That Panorama programme revealed, too, that you don't need to believe in a malign media bias to see how the media will be inclined to put their weight, albeit unconsciously, behind this kind of argument too. The programme was conspi­cuously "balanced" between the political parties. But its basic premises were, so to speak, "cold war Atlanticist". This is hardly surprising. The idea of the Atlantic Alliance, the "special relationship", is part of the postwar consensus, and Britain's key role in determining the cold war is as much a legacy of the Attlee government as the NHS.

It is common ground that the military themselves are divided over the merits of Trident, cruise and Polaris. The costly Trident, in particular, is unpopular with certain service chiefs, and with the Treasury too. Taken separate­ly, then, there is no consensus among the top brass at the Ministry of Defence and in the services. But Labour's policies as a package, and especially the removal of US nuclear bases, would in their view strike a damaging, perhaps fatal, blow to Britain's integral involvement in US/Nato command structures. There is a genuine fear in the political and military establishment that such policies could be decisive in persuading the US to pull out of Europe altogether.

In 1981, according to Dunleavy/ Husbands, the military establishment drew up contingency plans for resisting Labour's defence proposals. If they failed to stop Labour ministers by private advice and semi-public campaigning, the service chiefs would resign en bloc and organise a service-wide boycott of the posts. This in itself could be expected to create a huge political crisis; but if Labour persisted with their policies, they envisaged as a last resort a petition to the Queen urging her to dissolve parliament. Official sources have denied that such plans ever existed; but true or false, they serve as an illustration of the military establishment's capacity to put a determined government's legitimacy under severe strain.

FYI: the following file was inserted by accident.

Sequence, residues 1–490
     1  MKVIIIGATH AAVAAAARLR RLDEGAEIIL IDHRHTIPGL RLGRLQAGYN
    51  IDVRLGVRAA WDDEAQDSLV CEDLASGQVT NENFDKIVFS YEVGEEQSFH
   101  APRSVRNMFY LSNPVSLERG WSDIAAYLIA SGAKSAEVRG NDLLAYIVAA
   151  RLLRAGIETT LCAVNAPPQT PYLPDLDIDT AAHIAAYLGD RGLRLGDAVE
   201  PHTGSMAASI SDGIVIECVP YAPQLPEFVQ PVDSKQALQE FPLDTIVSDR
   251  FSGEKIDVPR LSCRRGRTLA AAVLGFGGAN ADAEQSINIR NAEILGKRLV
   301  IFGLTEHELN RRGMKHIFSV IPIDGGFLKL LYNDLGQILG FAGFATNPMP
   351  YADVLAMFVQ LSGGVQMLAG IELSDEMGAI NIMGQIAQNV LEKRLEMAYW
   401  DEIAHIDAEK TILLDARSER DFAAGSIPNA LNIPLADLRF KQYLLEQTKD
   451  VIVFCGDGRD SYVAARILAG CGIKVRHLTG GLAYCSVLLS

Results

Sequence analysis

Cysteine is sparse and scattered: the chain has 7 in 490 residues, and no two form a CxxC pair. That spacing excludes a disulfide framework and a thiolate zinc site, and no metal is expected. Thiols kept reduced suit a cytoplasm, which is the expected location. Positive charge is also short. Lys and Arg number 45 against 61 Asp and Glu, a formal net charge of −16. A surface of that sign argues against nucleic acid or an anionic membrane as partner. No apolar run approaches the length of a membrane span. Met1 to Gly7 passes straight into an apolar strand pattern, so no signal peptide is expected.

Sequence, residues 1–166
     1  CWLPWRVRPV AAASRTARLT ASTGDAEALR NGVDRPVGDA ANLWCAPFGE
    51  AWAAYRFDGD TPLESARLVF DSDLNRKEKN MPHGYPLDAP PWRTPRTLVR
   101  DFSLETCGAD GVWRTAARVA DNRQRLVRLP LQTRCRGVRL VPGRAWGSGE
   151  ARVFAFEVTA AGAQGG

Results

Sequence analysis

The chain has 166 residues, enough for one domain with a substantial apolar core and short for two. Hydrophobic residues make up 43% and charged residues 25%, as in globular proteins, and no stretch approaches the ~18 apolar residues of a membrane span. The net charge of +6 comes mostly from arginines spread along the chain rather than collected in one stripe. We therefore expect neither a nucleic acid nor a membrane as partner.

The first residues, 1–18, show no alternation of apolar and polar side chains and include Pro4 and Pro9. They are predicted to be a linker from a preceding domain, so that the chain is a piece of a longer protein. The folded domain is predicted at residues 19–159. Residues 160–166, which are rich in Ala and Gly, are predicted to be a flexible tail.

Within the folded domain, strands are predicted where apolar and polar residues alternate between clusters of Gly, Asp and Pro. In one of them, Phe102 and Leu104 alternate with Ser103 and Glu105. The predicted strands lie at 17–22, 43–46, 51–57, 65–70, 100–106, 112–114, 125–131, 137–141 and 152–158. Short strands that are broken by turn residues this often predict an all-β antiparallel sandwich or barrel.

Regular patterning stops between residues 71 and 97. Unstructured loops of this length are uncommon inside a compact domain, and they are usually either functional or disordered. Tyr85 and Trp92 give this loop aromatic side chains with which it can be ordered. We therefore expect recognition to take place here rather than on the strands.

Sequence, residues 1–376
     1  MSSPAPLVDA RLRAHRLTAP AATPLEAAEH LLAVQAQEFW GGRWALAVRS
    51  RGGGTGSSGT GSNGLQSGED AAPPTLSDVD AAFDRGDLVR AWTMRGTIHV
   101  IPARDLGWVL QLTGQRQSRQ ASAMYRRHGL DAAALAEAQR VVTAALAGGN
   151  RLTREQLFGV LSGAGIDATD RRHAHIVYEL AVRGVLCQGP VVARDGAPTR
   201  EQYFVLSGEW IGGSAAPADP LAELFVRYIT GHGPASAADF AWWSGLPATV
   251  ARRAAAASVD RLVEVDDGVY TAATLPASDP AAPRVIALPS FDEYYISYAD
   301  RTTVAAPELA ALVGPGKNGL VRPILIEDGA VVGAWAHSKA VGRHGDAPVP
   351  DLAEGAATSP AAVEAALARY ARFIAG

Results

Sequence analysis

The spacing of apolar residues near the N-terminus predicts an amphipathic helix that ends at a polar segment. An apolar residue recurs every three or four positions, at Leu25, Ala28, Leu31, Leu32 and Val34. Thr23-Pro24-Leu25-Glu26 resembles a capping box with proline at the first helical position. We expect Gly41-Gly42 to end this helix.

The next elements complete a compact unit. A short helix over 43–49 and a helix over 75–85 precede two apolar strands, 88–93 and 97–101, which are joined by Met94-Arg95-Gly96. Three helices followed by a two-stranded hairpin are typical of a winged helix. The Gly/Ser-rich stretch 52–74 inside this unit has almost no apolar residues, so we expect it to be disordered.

Our own political and military establishment would be joined in its opposition by the United States and other allied governments, and by the Nato chiefs themselves. Labour would be accused of breaking treaties going back to the 1954 Brussels agreement and further. They, too, would begin by exerting pressure quietly to persuade Labour to abandon the whole package and to extract significant concessions. At some stage they would go public with their warnings of the dire consequences of any intransigence on Labour's part.